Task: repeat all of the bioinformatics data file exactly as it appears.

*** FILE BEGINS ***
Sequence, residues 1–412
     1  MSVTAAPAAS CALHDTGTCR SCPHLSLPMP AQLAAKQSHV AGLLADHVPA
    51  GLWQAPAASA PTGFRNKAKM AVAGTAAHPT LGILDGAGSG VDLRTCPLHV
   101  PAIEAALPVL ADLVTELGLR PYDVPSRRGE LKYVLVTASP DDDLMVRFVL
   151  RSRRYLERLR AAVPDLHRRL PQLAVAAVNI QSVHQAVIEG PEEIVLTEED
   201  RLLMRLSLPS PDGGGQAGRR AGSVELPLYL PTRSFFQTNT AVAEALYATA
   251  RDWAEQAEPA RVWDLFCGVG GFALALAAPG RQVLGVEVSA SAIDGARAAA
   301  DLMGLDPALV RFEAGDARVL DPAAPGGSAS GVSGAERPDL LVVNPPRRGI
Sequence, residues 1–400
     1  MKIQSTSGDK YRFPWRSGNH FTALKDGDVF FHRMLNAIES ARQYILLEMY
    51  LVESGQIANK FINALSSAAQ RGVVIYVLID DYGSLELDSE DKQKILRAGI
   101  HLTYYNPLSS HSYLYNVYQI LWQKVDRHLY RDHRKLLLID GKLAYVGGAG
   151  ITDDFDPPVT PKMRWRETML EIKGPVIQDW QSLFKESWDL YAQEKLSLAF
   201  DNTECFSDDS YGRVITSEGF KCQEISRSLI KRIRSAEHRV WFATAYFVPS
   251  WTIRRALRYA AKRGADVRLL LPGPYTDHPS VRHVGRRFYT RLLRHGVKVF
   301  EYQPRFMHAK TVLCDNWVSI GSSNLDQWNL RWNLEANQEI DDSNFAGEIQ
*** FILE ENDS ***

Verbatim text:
Sequence, residues 1–412
     1  MSVTAAPAAS CALHDTGTCR SCPHLSLPMP AQLAAKQSHV AGLLADHVPA
    51  GLWQAPAASA PTGFRNKAKM AVAGTAAHPT LGILDGAGSG VDLRTCPLHV
   101  PAIEAALPVL ADLVTELGLR PYDVPSRRGE LKYVLVTASP DDDLMVRFVL
   151  RSRRYLERLR AAVPDLHRRL PQLAVAAVNI QSVHQAVIEG PEEIVLTEED
   201  RLLMRLSLPS PDGGGQAGRR AGSVELPLYL PTRSFFQTNT AVAEALYATA
   251  RDWAEQAEPA RVWDLFCGVG GFALALAAPG RQVLGVEVSA SAIDGARAAA
   301  DLMGLDPALV RFEAGDARVL DPAAPGGSAS GVSGAERPDL LVVNPPRRGI
Sequence, residues 1–400
     1  MKIQSTSGDK YRFPWRSGNH FTALKDGDVF FHRMLNAIES ARQYILLEMY
    51  LVESGQIANK FINALSSAAQ RGVVIYVLID DYGSLELDSE DKQKILRAGI
   101  HLTYYNPLSS HSYLYNVYQI LWQKVDRHLY RDHRKLLLID GKLAYVGGAG
   151  ITDDFDPPVT PKMRWRETML EIKGPVIQDW QSLFKESWDL YAQEKLSLAF
   201  DNTECFSDDS YGRVITSEGF KCQEISRSLI KRIRSAEHRV WFATAYFVPS
   251  WTIRRALRYA AKRGADVRLL LPGPYTDHPS VRHVGRRFYT RLLRHGVKVF
   301  EYQPRFMHAK TVLCDNWVSI GSSNLDQWNL RWNLEANQEI DDSNFAGEIQ